BUIES CREEK, N.C. — George Braswell grew up “marching to a different drum” and, at 77, he still does.
Braswell — a highly-regarded Baptist expert on world religions — spent much of his early life on the “wrong” side of the railroad tracks in a small Virginia town, according to his recently-released memoir, Crossroads of Religion and Revolution. As a teenager, he earned his undergraduate degree at Wake Forest University — then located in Wake Forest, N.C. — and met his wife, the former Joan Owen. Twice while in Wake Forest, he lost jobs because he stood up to managers who were cheating their customers.
After completing their degrees, the young Southern couple set out for the North, where he studied Christian missions at Yale University in New Haven, Conn.
Though he explored interests in medicine and baseball, Braswell eventually became pastor of Cullowhee Baptist Church in the mountains of North Carolina where he says the couple had some of the most fulfilling years of their lives. Amidst the race riots of the early 1960s, African and Native Americans were serving through this college town church.
In the summer of 1966, the Braswells took their youth to Ridgecrest Conference Center for its annual Foreign Missions Week. There they began a journey of exploring overseas missions service. Their first inquiry was discouraged by the Southern Baptist Convention’s Foreign (now International) Mission Board because Braswell had graduated from Yale, not a Southern Baptist seminary, which he was told was a prerequisite for missionary appointment.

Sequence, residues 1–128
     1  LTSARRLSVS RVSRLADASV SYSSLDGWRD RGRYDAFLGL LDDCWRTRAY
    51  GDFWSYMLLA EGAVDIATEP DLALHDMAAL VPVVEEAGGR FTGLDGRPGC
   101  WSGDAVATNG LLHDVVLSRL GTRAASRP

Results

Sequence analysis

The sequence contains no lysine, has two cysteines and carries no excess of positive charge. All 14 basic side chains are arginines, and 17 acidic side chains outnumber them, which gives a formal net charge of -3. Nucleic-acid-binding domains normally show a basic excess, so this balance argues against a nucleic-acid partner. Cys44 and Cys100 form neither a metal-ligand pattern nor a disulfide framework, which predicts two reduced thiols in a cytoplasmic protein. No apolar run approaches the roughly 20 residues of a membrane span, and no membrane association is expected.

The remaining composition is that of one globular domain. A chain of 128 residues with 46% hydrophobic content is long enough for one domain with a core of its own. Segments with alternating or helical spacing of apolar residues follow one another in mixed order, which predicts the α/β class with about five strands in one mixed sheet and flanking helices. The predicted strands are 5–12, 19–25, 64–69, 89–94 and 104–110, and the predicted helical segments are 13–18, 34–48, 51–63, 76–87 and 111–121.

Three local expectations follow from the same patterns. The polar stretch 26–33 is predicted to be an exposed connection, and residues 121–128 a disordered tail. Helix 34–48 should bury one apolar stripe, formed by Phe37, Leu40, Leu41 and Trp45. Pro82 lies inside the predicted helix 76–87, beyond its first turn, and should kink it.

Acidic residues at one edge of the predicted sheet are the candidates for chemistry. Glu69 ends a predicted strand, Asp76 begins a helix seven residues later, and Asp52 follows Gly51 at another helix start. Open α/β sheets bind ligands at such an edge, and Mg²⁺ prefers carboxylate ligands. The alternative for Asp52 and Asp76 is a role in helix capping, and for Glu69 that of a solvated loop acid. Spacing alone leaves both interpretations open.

But one letter of refusal was not enough to keep Braswell from following the path he felt was God’s will; he pursued it further and the mission board approved his appointment without additional work at an SBC seminary.
Continuing to “march to a different drum,” the Braswells were the only two out of 100 missionaries assigned to the Middle East; they would be the first Southern Baptist missionaries to Iran.
Following appointment, the Braswells went back to Ridgecrest for missionary orientation, a 16-week boot camp of intensive cross-cultural and life-skills training. Attendance at the numerous learning sessions was mandatory. At one point, Braswell felt he had to get away. He and a fellow missionary skipped classes and played golf. A stranger at the course offered to pay their way and play with them. The stranger was Billy Graham, the budding evangelist who was already rising to world recognition. Braswell and his friend were reprimanded by the director of missionary orientation but became the envy of everyone at Ridgecrest.
In Iran, their family would be among a handful of Americans among millions of Iranians, an expanded version of his experience as a minority in Emporia, Va., where he grew up among African-Americans. He taught English and world religions (minus Islam) to Muslim clergy at the University of Teheran. He also was associate director for university relations at Armaghan Institute, a Presbyterian language and cultural center across the street from the campus.
In his autobiography, Braswell says that being a professor was a highly-respected occupation and they were doubly welcomed because he was an American professor. “My family and I felt the safest in Iran of any place we had lived,” he wrote.